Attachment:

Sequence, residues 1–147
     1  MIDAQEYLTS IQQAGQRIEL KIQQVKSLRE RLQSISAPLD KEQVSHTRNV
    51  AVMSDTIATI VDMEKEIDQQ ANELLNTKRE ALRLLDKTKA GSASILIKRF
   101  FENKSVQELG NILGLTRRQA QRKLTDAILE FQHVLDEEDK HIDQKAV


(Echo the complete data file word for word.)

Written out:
Sequence, residues 1–147
     1  MIDAQEYLTS IQQAGQRIEL KIQQVKSLRE RLQSISAPLD KEQVSHTRNV
    51  AVMSDTIATI VDMEKEIDQQ ANELLNTKRE ALRLLDKTKA GSASILIKRF
   101  FENKSVQELG NILGLTRRQA QRKLTDAILE FQHVLDEEDK HIDQKAV